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The Collegial Phenomenon: The Social Mechanisms of Cooperation Among Peers in a Corporate Law Partnership

Abstract : Organizations performing non-routine, innovative, often knowledge-intensive tasks, for example, professional partnerships need a rather flat, collegial, and non-bureaucratic structure. This book examines cooperation among partners in a US corporate law firm and provides a grounded theory of collective action among rival peers, or collegiality. Members (partners and associates) are portrayed as independent entrepreneurs who build social niches in their organization and cultivate status competition among themselves. This behaviour allows them to fulfil their commitment to an extremely constraining partnership agreement and generates informal social mechanisms (bounded solidarity, lateral control, oligarchic regulation) that help a flat organization govern itself: maintain individual performance, even for tenured partners; capitalize knowledge and control quality; monitor and sanction opportunistic free-riding; solve the ‘too many chefs’ problem; balance the powers of rainmakers and schedulers; and integrate the firm in spite of many centrifugal forces. These mechanisms and the solutions they provide are examined using a broadly-conceived structural approach combining theory-driven network analysis, ethnography of task forces performing knowledge-intensive work, and analysis of management and internal politics in the firm. The author presents a theory of the collegial organization that generalizes its results to all kinds of partnerships.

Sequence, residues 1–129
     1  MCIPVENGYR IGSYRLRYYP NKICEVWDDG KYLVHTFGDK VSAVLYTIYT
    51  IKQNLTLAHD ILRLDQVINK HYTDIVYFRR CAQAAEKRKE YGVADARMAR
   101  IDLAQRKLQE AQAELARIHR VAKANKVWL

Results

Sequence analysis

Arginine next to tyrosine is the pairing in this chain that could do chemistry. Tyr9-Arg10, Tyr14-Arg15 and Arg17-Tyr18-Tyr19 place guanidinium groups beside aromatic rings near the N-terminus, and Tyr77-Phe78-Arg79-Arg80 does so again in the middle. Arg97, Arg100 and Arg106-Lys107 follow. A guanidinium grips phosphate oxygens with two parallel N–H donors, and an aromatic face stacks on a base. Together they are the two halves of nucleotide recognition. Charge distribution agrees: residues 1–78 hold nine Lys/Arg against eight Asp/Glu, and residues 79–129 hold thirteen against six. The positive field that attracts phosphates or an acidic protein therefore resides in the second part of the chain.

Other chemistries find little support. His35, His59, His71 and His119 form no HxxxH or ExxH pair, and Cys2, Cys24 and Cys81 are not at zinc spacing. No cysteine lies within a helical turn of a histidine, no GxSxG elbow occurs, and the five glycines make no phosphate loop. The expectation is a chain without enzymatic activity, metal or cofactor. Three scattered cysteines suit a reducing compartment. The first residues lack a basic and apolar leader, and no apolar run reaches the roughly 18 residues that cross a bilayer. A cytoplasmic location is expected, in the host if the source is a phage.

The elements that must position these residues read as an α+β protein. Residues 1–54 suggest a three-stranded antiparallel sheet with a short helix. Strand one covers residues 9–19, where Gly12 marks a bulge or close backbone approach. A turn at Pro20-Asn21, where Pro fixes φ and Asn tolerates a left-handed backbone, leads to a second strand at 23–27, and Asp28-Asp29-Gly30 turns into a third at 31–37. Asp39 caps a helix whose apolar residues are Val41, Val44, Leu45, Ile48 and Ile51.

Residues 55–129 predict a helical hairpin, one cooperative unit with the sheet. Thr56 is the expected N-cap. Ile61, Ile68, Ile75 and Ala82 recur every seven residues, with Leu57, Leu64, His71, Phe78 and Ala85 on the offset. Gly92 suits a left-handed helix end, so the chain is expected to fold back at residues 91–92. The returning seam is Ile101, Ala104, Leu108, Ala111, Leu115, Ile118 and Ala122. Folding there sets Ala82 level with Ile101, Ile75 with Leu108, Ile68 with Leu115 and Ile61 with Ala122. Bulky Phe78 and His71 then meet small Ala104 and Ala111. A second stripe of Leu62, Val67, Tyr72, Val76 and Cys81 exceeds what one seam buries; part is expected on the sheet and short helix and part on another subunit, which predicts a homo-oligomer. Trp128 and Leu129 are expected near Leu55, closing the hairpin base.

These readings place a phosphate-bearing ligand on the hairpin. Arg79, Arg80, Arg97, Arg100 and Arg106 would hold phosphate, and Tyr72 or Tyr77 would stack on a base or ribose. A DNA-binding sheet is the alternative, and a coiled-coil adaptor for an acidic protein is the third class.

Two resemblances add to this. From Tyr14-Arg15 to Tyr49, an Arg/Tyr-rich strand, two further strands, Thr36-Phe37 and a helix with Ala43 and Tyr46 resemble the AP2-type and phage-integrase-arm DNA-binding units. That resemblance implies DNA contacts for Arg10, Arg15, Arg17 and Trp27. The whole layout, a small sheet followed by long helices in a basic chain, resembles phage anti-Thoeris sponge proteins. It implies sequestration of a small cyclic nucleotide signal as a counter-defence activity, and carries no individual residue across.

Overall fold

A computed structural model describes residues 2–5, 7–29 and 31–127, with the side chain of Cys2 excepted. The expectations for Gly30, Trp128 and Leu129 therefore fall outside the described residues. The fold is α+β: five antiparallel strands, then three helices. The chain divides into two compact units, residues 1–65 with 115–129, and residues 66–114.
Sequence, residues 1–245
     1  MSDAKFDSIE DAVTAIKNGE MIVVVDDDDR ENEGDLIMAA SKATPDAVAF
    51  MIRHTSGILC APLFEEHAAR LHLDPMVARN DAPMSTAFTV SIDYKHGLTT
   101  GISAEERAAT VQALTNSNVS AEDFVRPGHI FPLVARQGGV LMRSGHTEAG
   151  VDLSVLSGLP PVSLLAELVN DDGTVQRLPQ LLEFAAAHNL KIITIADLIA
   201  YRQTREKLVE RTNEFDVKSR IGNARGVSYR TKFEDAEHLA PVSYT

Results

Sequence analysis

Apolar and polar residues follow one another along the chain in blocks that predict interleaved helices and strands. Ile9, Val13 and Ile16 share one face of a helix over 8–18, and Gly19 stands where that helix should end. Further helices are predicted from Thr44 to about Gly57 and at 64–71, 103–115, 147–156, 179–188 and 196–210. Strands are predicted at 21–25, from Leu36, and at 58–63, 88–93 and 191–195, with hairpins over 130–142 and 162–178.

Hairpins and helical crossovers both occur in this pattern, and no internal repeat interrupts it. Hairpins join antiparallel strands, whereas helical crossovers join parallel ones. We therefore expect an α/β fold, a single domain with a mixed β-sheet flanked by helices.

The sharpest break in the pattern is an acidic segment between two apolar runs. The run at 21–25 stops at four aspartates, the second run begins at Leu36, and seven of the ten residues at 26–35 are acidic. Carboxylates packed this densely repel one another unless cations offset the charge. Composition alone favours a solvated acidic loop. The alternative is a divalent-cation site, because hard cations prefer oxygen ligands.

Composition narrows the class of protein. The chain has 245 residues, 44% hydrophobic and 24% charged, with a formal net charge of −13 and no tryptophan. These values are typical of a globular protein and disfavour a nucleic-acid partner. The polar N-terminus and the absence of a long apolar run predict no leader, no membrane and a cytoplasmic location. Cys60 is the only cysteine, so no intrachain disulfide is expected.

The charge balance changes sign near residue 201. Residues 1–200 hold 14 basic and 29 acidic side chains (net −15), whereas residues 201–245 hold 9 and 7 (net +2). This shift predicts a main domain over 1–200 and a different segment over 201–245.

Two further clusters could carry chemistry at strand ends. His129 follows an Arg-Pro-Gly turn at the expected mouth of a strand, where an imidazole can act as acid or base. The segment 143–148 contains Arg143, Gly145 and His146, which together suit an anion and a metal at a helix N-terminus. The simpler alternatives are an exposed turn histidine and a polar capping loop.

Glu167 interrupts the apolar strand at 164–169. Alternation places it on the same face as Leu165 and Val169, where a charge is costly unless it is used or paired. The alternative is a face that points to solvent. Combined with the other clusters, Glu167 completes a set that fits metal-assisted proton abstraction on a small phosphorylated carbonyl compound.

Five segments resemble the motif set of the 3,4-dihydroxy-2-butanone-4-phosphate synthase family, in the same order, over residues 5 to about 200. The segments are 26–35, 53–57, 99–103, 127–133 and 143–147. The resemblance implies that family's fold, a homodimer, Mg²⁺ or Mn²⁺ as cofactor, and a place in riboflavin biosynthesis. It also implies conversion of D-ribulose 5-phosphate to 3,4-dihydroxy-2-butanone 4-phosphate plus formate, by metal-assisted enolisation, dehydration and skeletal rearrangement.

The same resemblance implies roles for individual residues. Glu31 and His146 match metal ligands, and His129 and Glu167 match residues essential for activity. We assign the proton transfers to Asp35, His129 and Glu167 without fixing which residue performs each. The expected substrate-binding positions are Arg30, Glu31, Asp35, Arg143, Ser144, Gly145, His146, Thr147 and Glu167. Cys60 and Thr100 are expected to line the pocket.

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Submitted on : Thursday, June 23, 2022 - 5:13:50 PM
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Emmanuel Lazega. The Collegial Phenomenon: The Social Mechanisms of Cooperation Among Peers in a Corporate Law Partnership. Oxford University Press, 2001, 9780199242726. ⟨10.1093/acprof:oso/9780199242726.001.0001⟩. ⟨hal-03703224⟩



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